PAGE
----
SP: Many of us, myself included, are dying to know exactly what does a producer do?

Welle: In general, producers are the management-side of performing arts. We recruit staff (lights, sound, graphic design, crew), help set the time-line for various stages (auditions, announcements, move-in, performances, and tear-down), maintain budgets and accountability, facilitate promotion and advertisement for the show. I want to handle or delegate all of the business stuff so that musicians, actors and directors can focus on creating art.

SP: How did you prepare for the role (so to speak)?

Welle: First of all, I have been running my own small business since 1992, including human resources and accounting. At the same time, I have been by participating behind the scenes in performances with my children over the years. As the kids got older and started doing more community theater, CUTC offered a producer training session, run by Prue Runkle. That really helped me to understand the whole task of producing, and gave me the confidence to go for it.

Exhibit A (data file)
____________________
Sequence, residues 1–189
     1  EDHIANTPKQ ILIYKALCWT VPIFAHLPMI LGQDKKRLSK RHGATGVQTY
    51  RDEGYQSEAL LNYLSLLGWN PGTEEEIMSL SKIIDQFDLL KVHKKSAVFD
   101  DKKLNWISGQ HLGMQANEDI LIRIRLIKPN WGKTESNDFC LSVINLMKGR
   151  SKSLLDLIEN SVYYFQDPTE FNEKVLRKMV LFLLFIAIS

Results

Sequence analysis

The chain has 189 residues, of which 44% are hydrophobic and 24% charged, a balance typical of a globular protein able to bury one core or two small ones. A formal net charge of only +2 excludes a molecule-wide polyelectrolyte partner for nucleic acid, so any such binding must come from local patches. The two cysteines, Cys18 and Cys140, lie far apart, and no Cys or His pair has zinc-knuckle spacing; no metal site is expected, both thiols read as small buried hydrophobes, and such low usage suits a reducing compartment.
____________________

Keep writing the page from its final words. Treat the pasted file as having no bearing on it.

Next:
SP: What have been some of the biggest surprises? Rewards?

Welle: Surprises: That I could learn how to run lights in a pinch (this show).
Biggest rewards: Working with so many gifted and wonderful actors of all ages. When you participate in something as intense as theater for four to six weeks, you share a very special bond, that together we created something amazing that we could never do alone.

SP: I know you are and have been a strong supporter of your children’s artistic careers. What advice do you have for young actors and artists? And for their parents?